“What conservatives need to win the culture wars: creative visionaries”
A famous passage in the preface to Lionel Trilling’s book “The Liberal Imagination” is widely quoted and just as widely misunderstood. Trilling, a Columbia University professor and literary critic, wrote that at the time — this was 1950 — there was no articulate conservative or reactionary thought in America, only conservative or reactionary “impulses” expressed “in action or in irritable mental gestures which seek to resemble ideas.”
Trilling’s point was not to criticize conservatism but to set up an argument for his work as a literary critic. Liberals, Trilling argued, needed to be challenged; they had grown complacent in the absence of a vigorous conservatism to spotlight liberalism’s deficiencies. He wanted “liberalism to be aware of the weak or wrong expressions of itself.”
Liberalism’s tendency toward simplification, rationalization and bureaucratic solutions, for example, posed a threat to what Trilling characterized as liberalism’s own “essential imagination of variousness and possibility, which implied the awareness of complexity and difficulty.” Without a well-developed conservatism to expose such problems, liberalism would have to find its critics someplace else — in literature, Trilling proposed, “because literature is the human activity that takes the fullest and most precise account of variousness, possibility, complexity, and difficulty.”
What a political outlook needs is what it lacks, not more of what it already has in abundance. Today conservatism is more articulate than it was in 1950, but it has very few creative souls.
Conservatives complain that even as they overturn Roe v. Wade, keep taxes low and pass concealed-carry laws in states across the country, they are continually losing ground in the culture wars. Higher education, mainstream journalism, the arts and popular culture remain fastnesses of progressivism, and those institutions are the higher legislators of American life. They write the stories that orient Americans’ perceptions of themselves.
So powerful is the literary-philosophical high ground in culture that even religion provides little shelter. The Bible is subject to interpretation, and the stories Scripture supplies are forever rewritten and modernized.
When conservatives repeat the mantra “Politics is downstream from culture,” what many of them imagine is that if the right could only make a few movies or Netflix miniseries, the culture war would be won. Market demand might very well overcome progressive intolerance and snobbery. Mel Gibson’s “Passion of the Christ” certainly made money.
Popular entertainment does matter, but not as much as the institutions of intellectual culture, which have, after all, time and again been the laboratories for the next radical trend. Rivers flow from higher elevations — all culture is ultimately downstream from the top. And in this case, the top is not just the most prestigious institutions but the most advanced ideas. This is where the right needs to recognize what it lacks.
Not long ago, I had a chance to ask a question of a leading literary figure who is also a conservative. I prefaced my questions in Trilling’s terms: What the left lacks, I suggested, is what the right possesses, an appreciation for tradition, classical form and the often Christian inspiration of the West’s greatest works of art. Liberal and even radical artists can benefit, as artists if not as liberals or as radicals, from an engagement with what the cultured right so deeply appreciates.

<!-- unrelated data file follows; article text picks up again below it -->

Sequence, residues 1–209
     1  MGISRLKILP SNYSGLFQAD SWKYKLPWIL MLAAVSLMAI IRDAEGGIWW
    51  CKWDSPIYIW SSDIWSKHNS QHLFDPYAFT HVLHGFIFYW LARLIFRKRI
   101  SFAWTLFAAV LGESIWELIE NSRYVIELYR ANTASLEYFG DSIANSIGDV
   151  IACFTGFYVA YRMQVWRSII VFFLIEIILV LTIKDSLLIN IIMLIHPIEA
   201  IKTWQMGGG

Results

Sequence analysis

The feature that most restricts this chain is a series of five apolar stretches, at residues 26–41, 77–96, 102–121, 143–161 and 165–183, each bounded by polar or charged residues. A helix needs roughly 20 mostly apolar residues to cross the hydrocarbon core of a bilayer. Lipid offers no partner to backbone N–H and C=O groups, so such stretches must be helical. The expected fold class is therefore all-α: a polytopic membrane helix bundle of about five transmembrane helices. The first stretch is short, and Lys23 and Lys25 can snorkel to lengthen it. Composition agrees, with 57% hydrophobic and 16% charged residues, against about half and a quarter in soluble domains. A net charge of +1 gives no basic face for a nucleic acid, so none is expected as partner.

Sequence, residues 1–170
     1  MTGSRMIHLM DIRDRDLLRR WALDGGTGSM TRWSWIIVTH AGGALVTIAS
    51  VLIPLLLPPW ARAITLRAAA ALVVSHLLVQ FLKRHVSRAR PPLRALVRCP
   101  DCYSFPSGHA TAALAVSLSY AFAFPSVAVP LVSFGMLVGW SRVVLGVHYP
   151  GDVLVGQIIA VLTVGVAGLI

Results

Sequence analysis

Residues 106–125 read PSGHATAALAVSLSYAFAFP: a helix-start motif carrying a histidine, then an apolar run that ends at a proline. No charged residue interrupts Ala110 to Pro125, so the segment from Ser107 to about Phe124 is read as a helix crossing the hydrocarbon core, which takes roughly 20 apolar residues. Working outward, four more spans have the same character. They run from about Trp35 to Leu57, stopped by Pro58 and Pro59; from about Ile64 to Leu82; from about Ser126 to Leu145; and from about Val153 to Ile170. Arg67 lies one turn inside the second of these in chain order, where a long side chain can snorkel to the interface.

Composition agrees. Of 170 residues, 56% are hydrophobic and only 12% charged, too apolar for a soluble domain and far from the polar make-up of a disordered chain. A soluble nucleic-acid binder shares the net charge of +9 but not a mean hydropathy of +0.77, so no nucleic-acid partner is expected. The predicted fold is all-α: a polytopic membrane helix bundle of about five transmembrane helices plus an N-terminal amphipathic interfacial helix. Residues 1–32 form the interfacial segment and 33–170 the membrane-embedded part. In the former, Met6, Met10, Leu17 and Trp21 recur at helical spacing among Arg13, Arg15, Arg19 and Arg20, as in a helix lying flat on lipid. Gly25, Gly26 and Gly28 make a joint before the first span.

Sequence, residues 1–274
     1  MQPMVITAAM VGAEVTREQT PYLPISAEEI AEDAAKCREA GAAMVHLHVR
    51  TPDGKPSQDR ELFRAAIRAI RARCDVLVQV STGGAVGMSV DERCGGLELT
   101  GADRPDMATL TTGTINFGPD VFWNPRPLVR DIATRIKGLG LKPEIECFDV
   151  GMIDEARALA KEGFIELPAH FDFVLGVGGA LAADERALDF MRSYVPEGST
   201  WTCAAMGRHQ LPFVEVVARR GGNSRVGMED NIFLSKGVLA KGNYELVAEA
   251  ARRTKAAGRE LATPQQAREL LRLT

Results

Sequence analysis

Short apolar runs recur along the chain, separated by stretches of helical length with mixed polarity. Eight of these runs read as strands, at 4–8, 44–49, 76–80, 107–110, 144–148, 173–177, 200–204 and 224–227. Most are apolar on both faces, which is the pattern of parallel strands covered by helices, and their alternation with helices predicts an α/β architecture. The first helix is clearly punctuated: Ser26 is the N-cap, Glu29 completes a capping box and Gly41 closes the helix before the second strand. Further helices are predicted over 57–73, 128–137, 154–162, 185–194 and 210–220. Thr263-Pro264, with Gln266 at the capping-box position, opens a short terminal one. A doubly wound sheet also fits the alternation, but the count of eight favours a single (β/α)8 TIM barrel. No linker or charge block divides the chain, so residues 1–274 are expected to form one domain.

But what the cultured right needs is what the left has: an avant-garde. My question then was how conservatives should think about the creative vanguard and cultivate the sensibility that they do not naturally possess. Alas, I must have worded my question poorly because the writer replied by simply saying how dreadful the left-wing avant-garde of today is. No doubt — but there’s a reason such dreadful people dictate the tastes of the West’s other tastemakers.
The function of an avant-garde is to surpass the established limits of an art and tell truths that have not yet been told about the human condition. These truths are sometimes sordid and often irrational, which accounts for what the avant-garde has become today. But it is hardly the case that only liberals or leftist radicals can adopt new forms and meet humanity at its most volatile and fastest-moving rapids.
In the last century, many of the greatest literary modernists were conservatives or reactionaries. This is no paradox: As Trilling knew, liberalism can become very shallow very quickly. The right understood truths about human nature that liberals could not confront, with their rational systems and narrow optimism. This is also why the hard left overtook the milder sort of liberalism as the prevailing force in higher culture. Mere liberalism is not true enough to human nature to sustain creative potency, at least not without the corrective Trilling prescribed.
But what about conservatism? The very thing that many conservatives find attractive about their outlook is also what limits it. Conservatism is a reassurance, a view that sees the world as complete, the nature of beauty captured already in the greatest works of the past, once and for all, just as there is no improving on, say, the US Constitution. When you believe you have the perfect truth, there’s no need to search for more. Yet mankind keeps searching — and those who lead the search lead the culture.
Daniel McCarthy is the editor of Modern Age: A Conservative Review. From Spectator World.
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